Drugging “undruggable” transcription factor drivers in cancer

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Published: 28 Apr 2016
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Dr John Bushweller - Unviersity of Virgina, Virginia, USA

Dr John Bushweller speaks with ecancertv at AACR 2016 about his efforts to target transcription factors as cancer therapy.

Transcription factors have historically been too transient to effectively control gene expression in tumour cells, but Dr Bushweller describes a novel technique to inhibit transcription factor fusion that has resulted in restoring normal gene expression to cells.

Gene alteration in situ is itself a hallmark of tumourigenesis, and Dr Bushweller reports that combination with activated kinase therapy may be able to limit cancer mutagenesis. 

AACR 2016

Drugging “undruggable” transcription factor drivers in cancer

Dr John Bushweller - Unviersity of Virgina, Virginia, USA

Transcription factors are a class of targets with a lot of potential for cancer therapy because we can change the whole gene expression programme of the cell but they’ve traditionally been viewed with a lot of scepticism by pharma for many good reasons. But there’s emerging successful efforts that are demonstrating that, while challenging, they are druggable and the effects can be quite profound so we’re excited about that possibility.

How are they approached as a novel target?

I was asked that question when I spoke this morning and there’s a couple of things I think you have to keep in mind. One is the design of the assay - when you’re looking for molecules that will modulate this function how you design the assay is really important so that you get things that do what you want. Secondly is the selection of chemical space to look in. Over the years we’ve tried a lot of different approaches and, as I said, a number of people have had more luck with fragment based approaches recently, that seems to be giving us more positive hits and a better path forward. The transcription factors, the kinds of targets you’re looking at are either protein-protein interactions or protein-nucleic acid interactions. The way you choose to look at those or the portions of the protein that you use can affect the outcome and what you’ll get, whether that compound will be active in a cell or not where there’s a more complex milieu and they’re more usually in the context of some multi-protein complex. So all those things are really important when you’re thinking about targeting this class of protein.

What results have you found?

Yes, we described last year a small molecule inhibitor of a transcription factor fusion that arises in about 10% of acute myeloid leukaemia patients. This was able to restore the normal, or more or less normal, gene expression programme of the cell when we treated with that so that was very exciting. We also were able to show efficacy in a mouse model and against human patient material. So all that was nice validation of the approach that we’re taking. Now efforts are focussed on trying to commercialise that agent to get it into the clinic ultimately.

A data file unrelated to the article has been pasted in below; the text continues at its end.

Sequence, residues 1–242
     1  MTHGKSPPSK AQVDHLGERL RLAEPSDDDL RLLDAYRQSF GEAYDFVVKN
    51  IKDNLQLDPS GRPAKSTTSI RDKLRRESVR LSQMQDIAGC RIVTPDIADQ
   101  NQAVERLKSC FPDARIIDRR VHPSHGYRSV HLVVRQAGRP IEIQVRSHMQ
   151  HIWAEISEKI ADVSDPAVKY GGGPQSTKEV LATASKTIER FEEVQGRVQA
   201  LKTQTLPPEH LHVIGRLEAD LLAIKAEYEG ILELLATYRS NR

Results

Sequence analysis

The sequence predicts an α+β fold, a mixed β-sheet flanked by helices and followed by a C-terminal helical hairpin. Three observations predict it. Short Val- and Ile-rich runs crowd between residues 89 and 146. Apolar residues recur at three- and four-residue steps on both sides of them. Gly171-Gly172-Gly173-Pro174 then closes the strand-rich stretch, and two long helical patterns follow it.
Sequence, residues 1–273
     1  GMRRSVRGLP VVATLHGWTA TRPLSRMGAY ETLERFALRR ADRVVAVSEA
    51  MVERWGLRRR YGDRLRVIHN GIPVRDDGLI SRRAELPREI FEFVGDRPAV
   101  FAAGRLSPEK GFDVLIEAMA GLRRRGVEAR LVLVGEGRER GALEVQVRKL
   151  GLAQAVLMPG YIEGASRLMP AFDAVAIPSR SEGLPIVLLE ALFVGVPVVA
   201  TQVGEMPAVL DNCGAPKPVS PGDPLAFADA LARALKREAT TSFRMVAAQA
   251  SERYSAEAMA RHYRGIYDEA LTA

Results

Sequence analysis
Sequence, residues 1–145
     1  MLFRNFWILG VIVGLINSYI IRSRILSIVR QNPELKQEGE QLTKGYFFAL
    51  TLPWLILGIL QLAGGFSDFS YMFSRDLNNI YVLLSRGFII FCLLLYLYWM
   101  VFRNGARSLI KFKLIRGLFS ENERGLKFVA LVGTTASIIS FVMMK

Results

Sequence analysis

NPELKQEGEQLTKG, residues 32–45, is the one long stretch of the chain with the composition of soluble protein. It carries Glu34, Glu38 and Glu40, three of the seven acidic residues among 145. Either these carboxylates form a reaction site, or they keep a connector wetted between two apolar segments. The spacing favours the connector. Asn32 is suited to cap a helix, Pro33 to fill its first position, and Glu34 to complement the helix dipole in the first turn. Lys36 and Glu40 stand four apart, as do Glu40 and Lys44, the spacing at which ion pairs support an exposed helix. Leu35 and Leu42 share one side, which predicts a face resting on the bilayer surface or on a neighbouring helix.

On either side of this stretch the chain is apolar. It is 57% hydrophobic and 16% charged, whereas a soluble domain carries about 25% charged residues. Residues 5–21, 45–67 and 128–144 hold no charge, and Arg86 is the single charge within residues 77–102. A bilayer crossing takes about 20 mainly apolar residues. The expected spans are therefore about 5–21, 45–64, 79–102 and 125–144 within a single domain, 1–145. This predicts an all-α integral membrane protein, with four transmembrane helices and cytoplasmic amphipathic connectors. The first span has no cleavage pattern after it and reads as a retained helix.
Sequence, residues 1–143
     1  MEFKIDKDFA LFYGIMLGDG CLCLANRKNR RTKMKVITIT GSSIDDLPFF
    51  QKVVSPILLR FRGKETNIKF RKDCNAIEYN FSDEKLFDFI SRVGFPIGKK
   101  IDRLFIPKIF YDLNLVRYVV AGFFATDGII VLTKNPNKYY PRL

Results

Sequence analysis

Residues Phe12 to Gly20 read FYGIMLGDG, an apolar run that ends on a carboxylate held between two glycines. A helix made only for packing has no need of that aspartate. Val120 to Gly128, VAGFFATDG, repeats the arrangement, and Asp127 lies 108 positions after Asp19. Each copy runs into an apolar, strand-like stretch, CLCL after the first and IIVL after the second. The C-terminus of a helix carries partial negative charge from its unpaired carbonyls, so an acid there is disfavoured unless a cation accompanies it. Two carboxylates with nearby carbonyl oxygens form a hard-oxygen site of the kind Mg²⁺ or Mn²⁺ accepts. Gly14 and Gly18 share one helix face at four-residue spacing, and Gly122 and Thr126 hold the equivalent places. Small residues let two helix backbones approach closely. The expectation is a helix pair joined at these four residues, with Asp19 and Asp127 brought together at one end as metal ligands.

Are there any limitations to the ways you’re approaching these therapies?

None other than the things we run into typically in any drug design effort. You worry a little bit about you’re altering a large swathe of genes when you alter one of these transcription factor behaviours. So what the impact of that will be in other cell types or in tissues is something we have to see, we have to see what happens with these.

Have any adverse effects been reported?

For the inhibitor I described to you we have not seen any toxicity. It’s very specific for the fusion protein in that leukaemia and we’ve shown that it doesn’t affect the wild-type form of the protein which is also present. So in that setting, at least with this inhibitor, we have a very specific effect and we haven’t seen any evidence of toxicity in any major organ or in the hematopoietic compartment.hematopoietic compartment.

What about mutations?

Two comments: one, I think, and there’s evidence for this, that the transcription factor alterations that are occurring in many cancers, not all but many, are drivers of the enhanced mutagenesis that’s going on in these cells. So, perhaps, if we can shift that gene expression programme back you can limit the amount to which the cell could evolve to try to get out from under things, that’s my hope. In terms of any kind of targeted therapy, cancer cells have proved amazingly resilient in finding ways around these targeted agents so that’s something we always need to be thinking ahead, how do we get ahead of that process, because it almost certainly will occur.

What about combination?

There are now lots of mouse models where an alteration of a transcription factor is combined with an activated kinase of some kind. Those models recapitulate what we see in patients actually amazingly well. So there’s clearly a need in these cancers for hits on transcription factors which block differentiation and also on various kinds of kinase signalling which usually drives proliferation. So the idea that we have many drugs that can hit the kinase signalling component of that but now if we can add hitting the transcription factor component, that really has a lot of potential combinatorially.